Most websites employ a simple authentication mechanism generally consisting of a username and a password. While this method is certainly acceptable and secure for most applications, I want to take a minute to explore a more complex and, if employed correctly, more secure method of authenticating a user to a website.

This method employs the public key infrastructure (PKI) via client based SSL PKCS12 certificates.

First you need to make sure your server is conigured to use SSL properly. Setting up SSL in Apache is beyond the scope of this post, but here is a great HOWTO on it. You’ll also need to make sure you configure Apache to export the SSL variables it gathers to PHP.

Here is the Apache config setting to allow the SSL environment variables to be correctly exported to PHP (via the $_SERVER variable).

SSLVerifyClient optional_no_ca
SSLVerifyDepth  10

SSLOptions +ExportCertData +StdEnvVars

Next you’ll want to grab a copy of our handy php-cert-auth class from here. The configuration is pretty straightforward, feel free to include config parameters in the class directly if you don’t want to worry about maintaining a seperate configuration file.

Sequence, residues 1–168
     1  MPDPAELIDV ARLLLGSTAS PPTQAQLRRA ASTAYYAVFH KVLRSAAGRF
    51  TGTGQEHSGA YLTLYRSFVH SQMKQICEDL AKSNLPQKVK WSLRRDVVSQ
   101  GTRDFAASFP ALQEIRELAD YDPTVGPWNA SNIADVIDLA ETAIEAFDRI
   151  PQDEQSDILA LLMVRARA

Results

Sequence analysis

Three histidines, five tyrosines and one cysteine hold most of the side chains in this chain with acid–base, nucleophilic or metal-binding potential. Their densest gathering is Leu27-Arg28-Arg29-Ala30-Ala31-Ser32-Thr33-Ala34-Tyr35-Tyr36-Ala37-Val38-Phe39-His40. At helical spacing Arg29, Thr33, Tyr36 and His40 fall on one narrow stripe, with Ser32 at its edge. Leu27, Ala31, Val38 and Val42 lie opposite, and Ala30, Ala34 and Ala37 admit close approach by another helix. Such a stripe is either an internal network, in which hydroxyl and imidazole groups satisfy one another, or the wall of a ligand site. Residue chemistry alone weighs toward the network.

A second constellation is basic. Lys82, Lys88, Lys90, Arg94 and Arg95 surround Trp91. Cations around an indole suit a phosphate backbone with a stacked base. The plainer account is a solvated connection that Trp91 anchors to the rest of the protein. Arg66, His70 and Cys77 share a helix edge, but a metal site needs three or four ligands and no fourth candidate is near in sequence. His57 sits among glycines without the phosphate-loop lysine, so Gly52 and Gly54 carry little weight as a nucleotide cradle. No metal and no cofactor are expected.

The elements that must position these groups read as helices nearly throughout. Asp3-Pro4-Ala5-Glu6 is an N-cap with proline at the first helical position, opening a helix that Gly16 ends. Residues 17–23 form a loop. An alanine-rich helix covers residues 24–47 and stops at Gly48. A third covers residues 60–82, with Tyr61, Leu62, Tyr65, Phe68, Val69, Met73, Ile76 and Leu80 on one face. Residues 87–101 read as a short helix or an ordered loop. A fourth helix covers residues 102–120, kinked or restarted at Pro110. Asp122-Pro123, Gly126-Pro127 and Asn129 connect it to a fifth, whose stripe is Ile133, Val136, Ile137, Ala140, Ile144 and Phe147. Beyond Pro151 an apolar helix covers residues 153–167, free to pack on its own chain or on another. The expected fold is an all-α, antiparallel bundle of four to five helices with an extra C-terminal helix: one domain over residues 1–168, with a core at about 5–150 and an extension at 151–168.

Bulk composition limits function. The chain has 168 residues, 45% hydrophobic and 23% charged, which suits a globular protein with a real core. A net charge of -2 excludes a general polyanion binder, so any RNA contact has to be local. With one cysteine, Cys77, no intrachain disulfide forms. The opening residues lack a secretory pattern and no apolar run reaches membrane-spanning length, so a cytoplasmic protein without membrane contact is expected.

Here are a few examples of what our class will allow you to do.

To download a self-signed certificate:

header("Content-Type: application/x-pkcs12");
header('Content-Disposition: attachment; filename=client.p12');

$countryName = "US";
$stateOrProvinceName = "Georgia";
$localityName = "Roswell";
$organizationName = "Werx Limited";
$organizationalUnitName = "Labs";
$commonName = "Wes Widner";
$emailAddress = "[email protected]";

$cert = new WerxLtd_Auth_Cert();
$pks12 = $cert->getPKCS12SelfSigned(

echo $pkcs12;

 * You can also parse the pkcs12 data back out via: openssl_pkcs12_read($pks12, $data, null);

Here is how you could go about authenticating a user:

$cert = new WerxLtd_Auth_Cert();
if($cert->hasClientCert()) {
	$keyid = $cert->getSubjectKeyIdentifier();
	// You can then use this key to query a list of known keys associated with valid users

This package is not designed to work in a stand-alone fashion. It is designed to be a helpful passwordless enhancement to an existing authentication system. Since the subjectKeyIdentifier is unique for each certificate that is issued1, it is wholly possible to associate it with a user’s account and check the supplied user certificate against a list of known client certificates in order to authorize the user in a transparent fashion.

There are many other ways a client certificate can be used to make your application even more secure. Like encrypting information before it is saved to permanent storage. You can also use the information contained in the client certificate to automatically fill in form fields. The biggest pitfall I can see to employing client certificates is the added complexity of the application.

Further reading:

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